Strange things are happening for bloggers in the SBC. It was not long ago we were institutional pariahs viewed with horror and antipathy by the leaders of the SBC; regularly and roundly blasted by them. It was not unusual to sit at the SBC and hear pot-shots taken at us by people who claimed not to read anything we wrote, recommended that we be ignored, but still took the time to train their guns on us.
It wasn’t that long ago.
Things have changed now. Both VPs of the SBC are bloggers. Entity heads are building bridges with us instead of seeking to burn them down. One of the must-read blogs in the SBC world is written by Thom Rainer, the president of LifeWay, and several LifeWay employees are bloggers. Our seminaries have joined the blogging world.
Bloggers have left the dungeons (or, our mother’s basements – to open an old wound!) and are living in the main house now.
And perhaps you are thinking about joining our little band – you want to be a blogger. So here is what I think about the blessings, the dangers and the nature of blogging.
1) Blogging is a democratic meritocracy.
There is no elite board of directors you have to impress to join the blogging community. It’s not a country club. Every single person who reads this can start a blog. If you write well, you will build an audience.
You can just read a blog and make a comment. If you are a clear thinker and can articulate that thought – if there is merit to your ideas – people will show interest in what you say. You can set up your own blog. It’s pretty easy. Then, you just start writing. Most people have to go through the “I wonder if anyone is listening” stage as their blog struggles to find an audience. But, again, if you have something to say and say it well, people will listen.
“It’s not what you know, it’s who you know.” Ever heard that one? Not true in blogging. It’s democratic and merit-based. If you say something that people want to hear, they will read your blog, your posts or your comments. Sure, some of the bigger blogs are from big-time leaders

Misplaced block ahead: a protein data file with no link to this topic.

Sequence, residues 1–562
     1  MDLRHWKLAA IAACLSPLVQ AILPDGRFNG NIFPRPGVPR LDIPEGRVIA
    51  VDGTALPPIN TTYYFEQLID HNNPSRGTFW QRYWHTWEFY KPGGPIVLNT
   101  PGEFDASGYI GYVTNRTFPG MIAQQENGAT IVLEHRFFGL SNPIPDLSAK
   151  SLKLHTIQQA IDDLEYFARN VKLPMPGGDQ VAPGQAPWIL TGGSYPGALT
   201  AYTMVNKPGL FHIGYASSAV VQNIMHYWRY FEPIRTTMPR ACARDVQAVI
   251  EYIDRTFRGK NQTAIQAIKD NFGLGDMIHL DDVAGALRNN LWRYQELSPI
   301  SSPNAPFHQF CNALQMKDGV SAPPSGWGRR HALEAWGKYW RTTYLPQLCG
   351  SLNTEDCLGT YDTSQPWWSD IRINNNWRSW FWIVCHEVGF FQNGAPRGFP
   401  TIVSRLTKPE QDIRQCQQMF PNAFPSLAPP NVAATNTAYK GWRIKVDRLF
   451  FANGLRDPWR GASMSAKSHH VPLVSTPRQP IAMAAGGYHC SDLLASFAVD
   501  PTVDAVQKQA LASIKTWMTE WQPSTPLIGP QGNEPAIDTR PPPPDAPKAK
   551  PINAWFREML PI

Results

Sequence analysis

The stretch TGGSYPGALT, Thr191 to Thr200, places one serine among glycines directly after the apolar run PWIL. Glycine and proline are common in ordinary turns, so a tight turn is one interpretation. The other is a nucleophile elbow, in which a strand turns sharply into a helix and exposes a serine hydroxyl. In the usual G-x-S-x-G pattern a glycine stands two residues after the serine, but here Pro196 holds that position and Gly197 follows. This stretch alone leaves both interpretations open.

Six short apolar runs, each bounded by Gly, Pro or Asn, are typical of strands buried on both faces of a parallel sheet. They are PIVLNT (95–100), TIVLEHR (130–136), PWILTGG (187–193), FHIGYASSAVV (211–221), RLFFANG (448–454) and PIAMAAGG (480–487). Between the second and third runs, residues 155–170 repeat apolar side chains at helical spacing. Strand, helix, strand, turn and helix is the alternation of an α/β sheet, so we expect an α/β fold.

2) Blogging is a calling, not a profession.
There are a few people who can scratch out a living as bloggers – only a handful. If your hope is to make a living from blogging, you will likely be disappointed.
I write because of a sense of call from God. I write because I love to write, because I want to try to make a difference and influence people in the right direction. For me, it is a ministry, a call of God on my life.
If you are going to be a Christian blogger, it ought to flow from a sense of call, not a desire for fame or fortune. If you have a motive other than the glory of God and the advance of the Kingdom, your blog will likely be a hindrance to God’s work, not a help.
3) Blogging requires a thick skin.
A decade ago, I began to write an online devotional, called “Word Processing” which was rewarding. I got emails from all over the world from people who had read the emails and enjoyed them. But then I got two or three criticisms from people who did not like something I wrote.
And it crushed me. A few words of criticisms cratered me to the point that I stopped writing and sending out the emails.
It was not too much later that I found blogging, and that gave me a second chance. You would not believe the things that people have said to me or about me over the last few years – especially since I took over management of this blog. People have questioned my sanity, my sincerity, my motives, my fairness, my character – it happens on a regular basis.